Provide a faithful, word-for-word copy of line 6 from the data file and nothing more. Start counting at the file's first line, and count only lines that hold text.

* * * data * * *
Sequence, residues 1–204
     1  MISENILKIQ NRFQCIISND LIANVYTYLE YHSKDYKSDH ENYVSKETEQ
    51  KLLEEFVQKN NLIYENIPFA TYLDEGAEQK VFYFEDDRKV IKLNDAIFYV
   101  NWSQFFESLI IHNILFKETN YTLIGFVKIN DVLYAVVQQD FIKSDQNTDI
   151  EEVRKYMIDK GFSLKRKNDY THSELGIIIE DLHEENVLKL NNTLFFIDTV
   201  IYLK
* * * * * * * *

   201  IYLK